No meat, no fish: Vegetarians want to avoid consuming animal products. The problem with this is that some foods contain animal innards that are not directly visible. Cheese is one such example – it’s not necessarily vegetarian.
The Germans love cheese. A whopping 24 kilograms of cheese consumption per capita and year speaks for itself. Whether Camembert, Cheddar, Scarmorza, Feta, Gouda or Emmental – almost every country has its own special variety. What many people don’t know: Many cheeses contain animal rennet and are therefore not vegetarian. But what is rennet in cheese for and why is it not apparent to the consumer?
To explain: milk must first curdle before it becomes cheese. To do this, the cheese dairies add rennet to the milk. This is a clotting enzyme traditionally obtained from the stomachs of slaughtered calves. So cheese with animal rennet is actually not vegetarian.
Usually only a small amount of rennet is added to the milk during production in the kettle. After a while, a jelly-like mass settles at the top, the consistency of which is reminiscent of vanilla pudding. This process is called “thick laying”. After that, the mass can be crushed.
Because the animal coagulation symbol is expensive, many manufacturers now use microbially produced rennet from the laboratory. Specialist companies obtain it with the help of cultivated mold cultures – a cheese made with it is therefore vegetarian. So it would be easy for vegetarians to just eat cheese with microbial rennet. Unfortunately, the legal situation does not make it that easy for them.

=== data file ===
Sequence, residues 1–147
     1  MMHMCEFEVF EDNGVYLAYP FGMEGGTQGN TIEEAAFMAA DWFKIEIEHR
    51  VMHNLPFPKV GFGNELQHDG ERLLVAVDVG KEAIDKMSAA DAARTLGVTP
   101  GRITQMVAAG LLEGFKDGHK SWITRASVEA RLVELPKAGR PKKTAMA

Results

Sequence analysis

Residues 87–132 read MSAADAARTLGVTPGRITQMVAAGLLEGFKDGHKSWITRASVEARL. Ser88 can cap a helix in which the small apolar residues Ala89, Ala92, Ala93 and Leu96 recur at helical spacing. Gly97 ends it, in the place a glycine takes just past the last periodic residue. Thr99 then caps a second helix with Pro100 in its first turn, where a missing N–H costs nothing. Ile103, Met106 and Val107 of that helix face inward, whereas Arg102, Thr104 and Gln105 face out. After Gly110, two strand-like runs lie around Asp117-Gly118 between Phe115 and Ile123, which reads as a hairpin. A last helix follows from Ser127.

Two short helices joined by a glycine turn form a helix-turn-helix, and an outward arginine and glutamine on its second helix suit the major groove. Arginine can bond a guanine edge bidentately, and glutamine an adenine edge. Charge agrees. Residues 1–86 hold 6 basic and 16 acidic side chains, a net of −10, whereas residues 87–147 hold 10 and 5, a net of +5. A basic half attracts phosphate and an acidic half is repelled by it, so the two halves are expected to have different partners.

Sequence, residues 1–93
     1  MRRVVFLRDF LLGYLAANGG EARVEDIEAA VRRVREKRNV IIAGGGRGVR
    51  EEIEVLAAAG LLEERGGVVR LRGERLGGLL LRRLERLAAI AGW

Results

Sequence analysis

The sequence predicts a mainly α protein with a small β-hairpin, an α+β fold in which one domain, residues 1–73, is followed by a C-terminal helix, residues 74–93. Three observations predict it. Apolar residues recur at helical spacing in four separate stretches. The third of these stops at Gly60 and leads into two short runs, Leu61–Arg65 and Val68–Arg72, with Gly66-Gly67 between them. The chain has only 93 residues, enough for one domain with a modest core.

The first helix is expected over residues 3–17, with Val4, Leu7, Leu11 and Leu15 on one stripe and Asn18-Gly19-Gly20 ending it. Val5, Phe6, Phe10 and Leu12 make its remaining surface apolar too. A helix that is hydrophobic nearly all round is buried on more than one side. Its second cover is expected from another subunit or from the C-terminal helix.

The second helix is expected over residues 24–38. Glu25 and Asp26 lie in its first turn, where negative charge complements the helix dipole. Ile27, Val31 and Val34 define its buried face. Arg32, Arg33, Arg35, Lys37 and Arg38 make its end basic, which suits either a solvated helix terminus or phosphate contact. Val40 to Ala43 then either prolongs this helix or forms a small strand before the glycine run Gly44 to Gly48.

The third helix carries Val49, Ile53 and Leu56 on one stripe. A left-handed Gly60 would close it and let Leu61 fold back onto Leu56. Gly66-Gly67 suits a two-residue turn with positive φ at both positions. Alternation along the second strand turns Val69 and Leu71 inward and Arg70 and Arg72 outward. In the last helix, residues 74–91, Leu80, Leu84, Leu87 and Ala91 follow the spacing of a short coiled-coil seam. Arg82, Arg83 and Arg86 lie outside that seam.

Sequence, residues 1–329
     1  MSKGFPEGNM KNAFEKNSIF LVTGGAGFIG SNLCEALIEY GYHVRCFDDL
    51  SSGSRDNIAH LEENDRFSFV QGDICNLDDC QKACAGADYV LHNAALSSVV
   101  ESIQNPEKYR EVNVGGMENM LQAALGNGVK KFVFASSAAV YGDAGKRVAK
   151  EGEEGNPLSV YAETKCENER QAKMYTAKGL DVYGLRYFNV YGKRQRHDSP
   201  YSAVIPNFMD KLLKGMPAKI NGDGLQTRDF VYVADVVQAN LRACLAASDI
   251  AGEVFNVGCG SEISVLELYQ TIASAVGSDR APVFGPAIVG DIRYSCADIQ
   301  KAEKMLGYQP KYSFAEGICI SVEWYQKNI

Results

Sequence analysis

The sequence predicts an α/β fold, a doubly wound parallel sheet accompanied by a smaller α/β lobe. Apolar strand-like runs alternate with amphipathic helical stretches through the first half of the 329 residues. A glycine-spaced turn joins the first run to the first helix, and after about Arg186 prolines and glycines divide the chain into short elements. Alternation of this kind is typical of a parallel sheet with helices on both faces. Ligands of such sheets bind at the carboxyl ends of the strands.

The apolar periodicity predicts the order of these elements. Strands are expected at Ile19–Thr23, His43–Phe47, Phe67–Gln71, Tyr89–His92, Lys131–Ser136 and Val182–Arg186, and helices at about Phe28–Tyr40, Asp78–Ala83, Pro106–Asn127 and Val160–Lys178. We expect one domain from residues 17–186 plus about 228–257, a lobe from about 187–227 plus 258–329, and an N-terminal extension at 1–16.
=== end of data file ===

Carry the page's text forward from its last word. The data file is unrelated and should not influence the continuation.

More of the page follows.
Problem: Cheese without a list of ingredients in stores
Cheese is one of the very few foods that can be sold without any special additives and without a list of ingredients. Consumers cannot then tell whether animal rennet or microbial rennet was used. So you have no choice but to inquire with the manufacturer.
By the way: Only very few types of cheese can do without rennet, such as cheese made from sour milk quark. Even cream cheese, herbal quark and cottage cheese are sometimes made with rennet.
You might also be interested in this: We tested 16 types of Parmesan. The focus was on ingredients, taste and animal husbandry. The result: Only two tested types of Parmesan are recommended with “good”, six fail with “poor” and “insufficient”. The reasons in brief: pollution with mineral oil, poor animal husbandry and a lack of transparency. More on this: Parmesan in the test: Cows often have to suffer for Parmesan cheese.